Q 7Q 7
Joe Bell, president and chief executive officer of Dyna Golf, has called a meeting of the executive committee of his board of directors. He is concerned about the price competition and declining sales of his golf wedge line of business. Bell summarizes the current situation by saying,
As you know, we set target prices to maintain a gross margin on sales of 35 percent. On some products, such as our drivers, we have been able to achieve the target price. We have been able to achieve higher prices on our putters than a target 35 percent gross margin would dictate. But our wedges are a totally different story.
Our factory is among the most efficient in the world. I think that some foreign companies are dumping wedges in the U.S. market, driving down prices and unit sales. We've been reluctant to further cut our prices for fear of what this will do to our gross margins. Fortunately, we've been able to offset the decline in sales of wedges by significantly raising the price of our putters. We were pleasantly surprised when our customers readily accepted the price increases of our putters, and we haven't experienced much reaction from our competitors on the putter price increases.
Steve Barber, an outside director on the board, asks:
Joe, I don't pretend to know a lot about the golf club business, but how confident are you in your cost data If your costs are off, won't your prices be off as well
Joe Bell responds:
That's a good point, Steve, and one I've been worried about. We've been modernizing our production facilities and I've asked our controller, Phil Meyers, to look into it and report back after he has undertaken a thorough analysis. My purpose for calling this meeting was to update you on our current situation and let you know what we are doing.
Dyna Golf has been in business for 15 years. Its one plant manufactures three different types of golf clubs: drivers, wedges, and putters. Dyna does not produce a complete club with a shaft and grip. It makes the metal head that is sold to other companies that assemble and market the complete club. Dyna holds four patents on a unique golf club head design that forges together into one club head three different metals: steel, titanium, and brass. It also has a very distinctive appearance. These three metals weigh different amounts, and by designing a club head with the three metals, Dyna produces a club with unique swing and feel properties. While the Dyna club is unique and covered by patents, other manufacturers have recently introduced similar technology using comparable manufacturing methods.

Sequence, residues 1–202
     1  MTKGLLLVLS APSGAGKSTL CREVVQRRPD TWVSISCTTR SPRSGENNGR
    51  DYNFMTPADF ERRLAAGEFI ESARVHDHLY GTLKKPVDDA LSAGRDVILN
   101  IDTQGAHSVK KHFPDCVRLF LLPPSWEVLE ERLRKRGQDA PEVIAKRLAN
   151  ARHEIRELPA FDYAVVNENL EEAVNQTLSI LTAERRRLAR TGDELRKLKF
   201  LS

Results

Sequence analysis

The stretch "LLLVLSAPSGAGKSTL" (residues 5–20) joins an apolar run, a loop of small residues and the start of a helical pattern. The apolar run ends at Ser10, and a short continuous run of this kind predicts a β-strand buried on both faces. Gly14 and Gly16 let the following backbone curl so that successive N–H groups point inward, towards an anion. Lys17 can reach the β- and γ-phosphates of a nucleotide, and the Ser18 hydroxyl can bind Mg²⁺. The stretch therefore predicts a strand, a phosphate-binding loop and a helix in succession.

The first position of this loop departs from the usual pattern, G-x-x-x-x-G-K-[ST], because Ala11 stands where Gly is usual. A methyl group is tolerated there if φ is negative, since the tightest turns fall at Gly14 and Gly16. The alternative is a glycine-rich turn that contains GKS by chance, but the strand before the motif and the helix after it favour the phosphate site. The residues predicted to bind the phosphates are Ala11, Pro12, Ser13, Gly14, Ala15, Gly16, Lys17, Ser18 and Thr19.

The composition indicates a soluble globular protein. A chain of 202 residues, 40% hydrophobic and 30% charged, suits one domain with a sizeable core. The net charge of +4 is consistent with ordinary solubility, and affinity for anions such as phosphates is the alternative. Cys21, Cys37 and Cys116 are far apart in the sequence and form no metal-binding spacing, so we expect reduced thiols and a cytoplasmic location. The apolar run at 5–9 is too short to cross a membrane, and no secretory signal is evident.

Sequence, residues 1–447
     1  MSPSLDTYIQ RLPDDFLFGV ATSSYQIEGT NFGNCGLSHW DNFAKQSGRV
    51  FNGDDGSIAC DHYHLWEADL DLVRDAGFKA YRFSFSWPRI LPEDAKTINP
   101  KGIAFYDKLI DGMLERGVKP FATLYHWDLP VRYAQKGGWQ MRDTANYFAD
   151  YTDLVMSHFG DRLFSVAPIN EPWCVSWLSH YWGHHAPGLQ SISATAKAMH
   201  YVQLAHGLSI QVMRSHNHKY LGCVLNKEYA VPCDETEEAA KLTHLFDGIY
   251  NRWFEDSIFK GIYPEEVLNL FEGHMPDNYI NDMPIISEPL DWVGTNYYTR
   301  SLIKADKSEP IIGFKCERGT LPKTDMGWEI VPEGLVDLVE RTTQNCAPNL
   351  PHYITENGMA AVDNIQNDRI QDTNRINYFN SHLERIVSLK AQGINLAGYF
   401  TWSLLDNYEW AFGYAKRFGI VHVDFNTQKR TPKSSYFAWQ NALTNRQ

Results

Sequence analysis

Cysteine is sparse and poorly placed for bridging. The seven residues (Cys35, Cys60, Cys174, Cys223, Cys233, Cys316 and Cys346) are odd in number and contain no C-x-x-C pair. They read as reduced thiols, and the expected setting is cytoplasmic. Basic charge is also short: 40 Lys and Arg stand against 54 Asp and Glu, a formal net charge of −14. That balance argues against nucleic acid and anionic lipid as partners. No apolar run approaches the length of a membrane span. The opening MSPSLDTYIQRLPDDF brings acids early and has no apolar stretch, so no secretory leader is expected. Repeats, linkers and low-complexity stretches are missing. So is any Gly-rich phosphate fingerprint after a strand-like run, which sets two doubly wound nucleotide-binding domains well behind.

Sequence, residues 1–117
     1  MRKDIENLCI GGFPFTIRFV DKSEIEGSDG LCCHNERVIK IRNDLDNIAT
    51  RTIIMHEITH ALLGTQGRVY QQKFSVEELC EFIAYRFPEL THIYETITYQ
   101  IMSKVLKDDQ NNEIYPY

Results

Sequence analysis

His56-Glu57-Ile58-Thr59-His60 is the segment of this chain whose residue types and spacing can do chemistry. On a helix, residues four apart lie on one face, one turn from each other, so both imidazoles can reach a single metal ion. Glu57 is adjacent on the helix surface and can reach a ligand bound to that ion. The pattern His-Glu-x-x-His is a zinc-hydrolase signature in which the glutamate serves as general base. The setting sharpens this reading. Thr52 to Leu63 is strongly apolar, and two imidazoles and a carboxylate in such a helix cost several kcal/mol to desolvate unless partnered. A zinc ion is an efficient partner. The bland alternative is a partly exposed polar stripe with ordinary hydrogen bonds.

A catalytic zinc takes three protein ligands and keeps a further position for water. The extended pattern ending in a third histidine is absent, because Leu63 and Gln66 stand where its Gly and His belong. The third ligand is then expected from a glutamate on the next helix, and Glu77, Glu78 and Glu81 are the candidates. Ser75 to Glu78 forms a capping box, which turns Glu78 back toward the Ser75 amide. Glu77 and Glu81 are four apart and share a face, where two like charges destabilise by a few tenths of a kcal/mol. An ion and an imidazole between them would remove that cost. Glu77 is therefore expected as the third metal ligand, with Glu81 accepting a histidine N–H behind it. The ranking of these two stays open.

The Dyna driver is sold to a single distributor that adds the shaft and grip and sells the driver to retail golf shops. Dyna first made its reputation with its driver. It became an "instant hit" with amateurs after a professional golfer won a tournament using the Dyna driver. Based on the name recognition from its driver, Dyna introduced a line of putters and then wedges. The wedges are sold to three different distributors and the putters to six different distributors. Specialty, high-end putters like Dyna's have a retail price of $120 to $180 and drivers a retail price of $350 to $500. Golfers like to experiment with new equipment, especially when they are playing badly. Therefore, it is not uncommon for golfers to own several putters and switch among them during the year. Putter manufacturers seek to capitalize on this psychology with aggressive advertising campaigns. It is less common for players to switch among wedges as they do with putters. Since it takes several rounds of golf playing with a new wedge to get its feel and distance control, most players don't experiment as much with wedges as with putters, or even drivers.
All three clubs (drivers, wedges, and putters) use the same manufacturing process. Each of the three clubs consists of between 5 and 10 components. A component is a precisely machined piece of steel, brass, or titanium that Dyna buys from outside suppliers. The components are positioned in a jig, which is placed in a specially designed computer-controlled machine. This machine first heats the components to a very high temperature that fuses them together, then cools them, and polishes the finished club.
T ABLE 1 Dyna Golf Basic Product Information
T ABLE 2 Dyna Golf Production Information